CHESHIRE — The label of “high risk” is off the national high school sports table. So is “moderate risk.” So is “low.”
The categories that have been used to gauge the risk of COVID-19 spread among high school sports — and shaped decisions on which sports would play and not play — have been abandoned by the National Federation of State High School Associations.
The NFHS, which oversees high school sports associations across the country, including the CIAC, announced Tuesday afternoon that its Sports Medicine Advisory Committee has revised the COVID-19 guidance that has been in place since last May. It’s been replaced it with a new “Statement on Risk of COVID-19 During High School Sports.”
The move was prompted by greater understanding of COVID-19, including growing evidence, according to the NFHS, that the majority of sports-related spread of the disease appears to occur from social contact, and not during sports participation.
“As knowledge of the virus that causes COVID-19 has evolved, we have increasingly recognized that transmission depends upon multiple factors that cannot be easily accounted for by simply dividing sports into three distinct categories of risk,” the NFHS reported in its release.
The three “risk” divisions have been replaced by five “factors” the NFHS advises member associations to consider when evaluating what sports to play, and how to play them, during the pandemic.
■Community infection rates appear to be the strongest predictor for high school athletes being infected;■Proven cases of direct COVID-19 transmission during athletics remain relatively rare;■Participants in non-contact sports show lower rates of COVID-19 infection than those in contact sports;■Participants in outdoor sports show lower rates of infection than those in indoor sports;■Using masks reduces transmission rates in indoor sports to those seen in outdoor sports.
In addition to those five factors, the NFHS encourages states to weigh advice from the Centers for Disease Control, the American Medical Society for Sports Medicine and the American Academy of Pediatrics.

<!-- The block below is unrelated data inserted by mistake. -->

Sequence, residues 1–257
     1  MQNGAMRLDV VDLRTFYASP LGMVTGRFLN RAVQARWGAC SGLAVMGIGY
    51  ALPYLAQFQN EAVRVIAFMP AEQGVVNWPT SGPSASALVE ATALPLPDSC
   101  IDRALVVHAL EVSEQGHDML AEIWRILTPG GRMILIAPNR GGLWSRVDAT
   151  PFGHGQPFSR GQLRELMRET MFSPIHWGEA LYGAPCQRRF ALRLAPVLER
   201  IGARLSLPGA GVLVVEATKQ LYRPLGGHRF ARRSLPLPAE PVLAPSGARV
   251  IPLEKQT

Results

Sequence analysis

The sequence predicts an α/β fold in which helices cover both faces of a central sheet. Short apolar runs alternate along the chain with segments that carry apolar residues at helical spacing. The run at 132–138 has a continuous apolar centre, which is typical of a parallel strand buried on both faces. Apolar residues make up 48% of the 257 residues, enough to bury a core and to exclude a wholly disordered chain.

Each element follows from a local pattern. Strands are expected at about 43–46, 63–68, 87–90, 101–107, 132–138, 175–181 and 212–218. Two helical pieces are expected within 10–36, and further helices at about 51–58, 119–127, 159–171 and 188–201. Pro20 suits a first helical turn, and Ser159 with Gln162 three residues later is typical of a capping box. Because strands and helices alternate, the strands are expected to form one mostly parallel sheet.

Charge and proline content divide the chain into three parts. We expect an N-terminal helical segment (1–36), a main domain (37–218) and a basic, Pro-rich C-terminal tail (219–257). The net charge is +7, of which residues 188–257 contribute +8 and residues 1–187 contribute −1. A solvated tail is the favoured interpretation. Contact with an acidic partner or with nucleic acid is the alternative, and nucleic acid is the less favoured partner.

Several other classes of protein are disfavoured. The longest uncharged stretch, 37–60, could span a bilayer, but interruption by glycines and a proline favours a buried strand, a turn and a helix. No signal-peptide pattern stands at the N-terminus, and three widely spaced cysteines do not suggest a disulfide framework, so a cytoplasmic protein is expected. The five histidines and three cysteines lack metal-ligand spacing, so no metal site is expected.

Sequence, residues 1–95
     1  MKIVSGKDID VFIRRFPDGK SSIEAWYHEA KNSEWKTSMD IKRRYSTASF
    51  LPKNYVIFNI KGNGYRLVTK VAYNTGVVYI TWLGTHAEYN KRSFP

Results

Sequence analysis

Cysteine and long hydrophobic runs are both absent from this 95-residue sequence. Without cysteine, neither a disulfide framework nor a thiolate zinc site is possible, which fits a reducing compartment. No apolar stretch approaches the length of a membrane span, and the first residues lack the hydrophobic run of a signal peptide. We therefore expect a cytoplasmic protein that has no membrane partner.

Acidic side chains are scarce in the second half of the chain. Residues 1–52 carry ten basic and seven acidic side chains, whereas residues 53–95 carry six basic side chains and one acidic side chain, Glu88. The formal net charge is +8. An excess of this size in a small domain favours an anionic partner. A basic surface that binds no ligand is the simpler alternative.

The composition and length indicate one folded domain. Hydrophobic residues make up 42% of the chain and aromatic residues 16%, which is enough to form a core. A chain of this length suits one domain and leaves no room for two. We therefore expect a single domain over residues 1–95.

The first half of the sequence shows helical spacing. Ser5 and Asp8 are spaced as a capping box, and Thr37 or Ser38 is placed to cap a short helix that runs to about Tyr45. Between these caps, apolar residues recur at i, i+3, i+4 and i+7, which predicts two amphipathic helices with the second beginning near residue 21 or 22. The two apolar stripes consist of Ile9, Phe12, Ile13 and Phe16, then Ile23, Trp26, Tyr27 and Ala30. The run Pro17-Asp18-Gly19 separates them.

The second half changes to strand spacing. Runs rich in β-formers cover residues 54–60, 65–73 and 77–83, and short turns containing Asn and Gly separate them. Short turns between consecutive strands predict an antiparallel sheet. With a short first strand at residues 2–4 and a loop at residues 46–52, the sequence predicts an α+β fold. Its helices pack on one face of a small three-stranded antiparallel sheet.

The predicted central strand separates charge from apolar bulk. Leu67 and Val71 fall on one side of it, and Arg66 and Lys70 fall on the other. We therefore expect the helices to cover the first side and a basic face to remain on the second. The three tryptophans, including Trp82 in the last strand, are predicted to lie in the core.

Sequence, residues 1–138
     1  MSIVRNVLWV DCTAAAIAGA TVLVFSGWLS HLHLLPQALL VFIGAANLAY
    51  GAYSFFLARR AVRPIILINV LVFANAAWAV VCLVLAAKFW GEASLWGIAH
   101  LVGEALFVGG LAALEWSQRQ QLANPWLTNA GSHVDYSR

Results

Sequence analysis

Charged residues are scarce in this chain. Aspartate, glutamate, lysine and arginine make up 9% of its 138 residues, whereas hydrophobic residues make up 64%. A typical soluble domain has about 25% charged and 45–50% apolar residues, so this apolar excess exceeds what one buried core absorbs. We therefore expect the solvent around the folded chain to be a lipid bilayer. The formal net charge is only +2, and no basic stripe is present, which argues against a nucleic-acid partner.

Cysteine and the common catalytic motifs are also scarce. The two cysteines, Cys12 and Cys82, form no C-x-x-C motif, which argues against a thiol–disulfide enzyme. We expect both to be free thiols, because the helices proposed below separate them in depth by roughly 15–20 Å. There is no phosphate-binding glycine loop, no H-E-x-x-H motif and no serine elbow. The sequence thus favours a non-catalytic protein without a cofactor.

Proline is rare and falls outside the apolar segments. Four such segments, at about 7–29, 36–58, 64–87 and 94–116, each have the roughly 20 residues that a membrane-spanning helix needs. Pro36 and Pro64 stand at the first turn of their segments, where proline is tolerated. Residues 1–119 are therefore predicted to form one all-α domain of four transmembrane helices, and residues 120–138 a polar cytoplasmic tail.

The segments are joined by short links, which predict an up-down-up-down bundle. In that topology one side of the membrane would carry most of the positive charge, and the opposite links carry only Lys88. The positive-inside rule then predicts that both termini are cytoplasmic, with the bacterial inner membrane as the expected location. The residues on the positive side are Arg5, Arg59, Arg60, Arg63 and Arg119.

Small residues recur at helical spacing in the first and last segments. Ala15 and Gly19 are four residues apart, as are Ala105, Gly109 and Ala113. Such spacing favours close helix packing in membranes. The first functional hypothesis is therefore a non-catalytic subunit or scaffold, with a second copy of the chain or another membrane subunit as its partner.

What does this mean for Connecticut student-athletes, in particular those in wrestling and football, sports that were designated high risk and cancelled accordingly?
We’ll see. The CIAC received the Federation’s update on Tuesday and will be reviewing it over the next week with its Sports Medicine Advisory Committee, and then with the Connecticut Department of Public Health and Governor Ned Lamont's office.
“My initial read through this is that they have, at this point, said that the tieired system isn’t supported by the research,” said CIAC Executive Director Glenn Lungarini. “What exactly that means is what we have to meet with our medical experts and talk about to determine how that changes CIAC’s position on anything, if it does.”
Connecticut’s basketball, ice hockey, gymnastics and boys swim teams remain on course to open an abbreviated winter season next Monday, Feb. 8. Athletes in all of those sports, except for swimming, will compete wearing masks.
Indoor track teams are practicing, but won’t be competing any time before March. The Connecticut Department of Public Health has advised against large, multi-team indoor events, which are the staple of indoor track, through at least February.
Not included in the winter group is wrestling. It is the one winter sport, aside from competitive cheer and dance, that was deemed high risk and thus cancelled. (Wrestlers are allowed to condition and engage in non-contact skill work in cohorts of no more than four, something area teams are taking advantage of.)
The other sports that were considered high risk were tackle football and boys lacrosse. Football has already been cancelled for the year in Connecticut, first the traditional fall season and then the “alternative” season that had been set up for late February to mid April.
Boys lacrosse plays in the spring. Several weeks ago, Lungarini wrote to the NFHS requesting it reconsider the high-risk status for boys lacrosse, as well as to review its tiered risk system in general.
It appears the CIAC wasn’t alone in making the latter request.
“I’m sure there were others as well,” Lungarini said. “It was a topic of discussion within our Section 1 meetings that we have on a weekly basis.
“I give the NFHS a lot of credit for listening to its membership and conducting a review we asked them to conduct,” Lungarini added. “Now we have to take the statement they issued, unpack that and try to understand what that means for our state.”